Trade Marks in the United States
20 May 2016
Trade mark rights in the United States arise from use of a trade mark, not registration and therefore a trade mark registration for a business, brand or product name, a logo, slogan or other trade mark provides a business with the most effective and least expensive way to prove trade mark rights in the United States.
A registration also acts as a public record of your trade mark, and places other possible users of the same or confusingly similar marks that you already holds rights in the trade mark throughout all fifty states. Whilst registration is not mandatory in the United States, registration is highly recommended; proving the existence of unregistered rights in your trade mark is difficult, very expensive, and at best, can show rights only in those States where you can show you have actively used the trade mark.
Registration acts as prima facie proof of the Proprietor’s entitlement to the trade mark. If a third party believes that it has a better right to a trade mark than the registered owner, the third party will have to apply to the United States Trademark Trial and Appeal Board (“TTAB”) to have the registration cancelled, which can be a long and expensive procedure, with a number of procedural and evidential hurdles to overcome.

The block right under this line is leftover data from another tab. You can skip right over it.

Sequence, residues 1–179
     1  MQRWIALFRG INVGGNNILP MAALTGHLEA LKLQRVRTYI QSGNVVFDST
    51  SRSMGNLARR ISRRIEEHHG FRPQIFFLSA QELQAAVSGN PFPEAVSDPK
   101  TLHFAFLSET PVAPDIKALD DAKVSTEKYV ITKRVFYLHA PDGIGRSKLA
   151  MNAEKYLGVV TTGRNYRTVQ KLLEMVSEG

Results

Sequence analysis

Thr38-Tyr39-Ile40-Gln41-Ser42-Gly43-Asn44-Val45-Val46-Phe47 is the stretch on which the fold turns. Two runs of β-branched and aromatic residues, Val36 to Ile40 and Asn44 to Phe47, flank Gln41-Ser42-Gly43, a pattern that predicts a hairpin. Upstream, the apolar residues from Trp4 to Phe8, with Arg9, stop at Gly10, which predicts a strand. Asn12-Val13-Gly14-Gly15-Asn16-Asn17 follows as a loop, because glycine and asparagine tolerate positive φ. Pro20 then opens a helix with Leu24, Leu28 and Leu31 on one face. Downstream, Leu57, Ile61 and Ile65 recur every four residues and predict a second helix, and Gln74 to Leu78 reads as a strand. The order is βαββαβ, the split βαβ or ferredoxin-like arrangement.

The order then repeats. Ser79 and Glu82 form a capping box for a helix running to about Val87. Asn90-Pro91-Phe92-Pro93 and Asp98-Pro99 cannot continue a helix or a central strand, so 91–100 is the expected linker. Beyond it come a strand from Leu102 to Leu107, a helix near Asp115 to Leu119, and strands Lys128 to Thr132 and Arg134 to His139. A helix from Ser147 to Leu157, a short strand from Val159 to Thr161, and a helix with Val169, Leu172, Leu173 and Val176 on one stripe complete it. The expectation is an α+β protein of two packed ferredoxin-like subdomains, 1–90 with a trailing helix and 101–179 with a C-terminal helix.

The indicia of federal registration, ®, indicates to the world at large that the trade mark has achieved registration and accordingly, the trade mark will be protected under the United States Lanham Act of 1946. If a trade mark has not been registered, use of the ® marking constitutes false marking and can jeopardize enforcement of trade mark rights.
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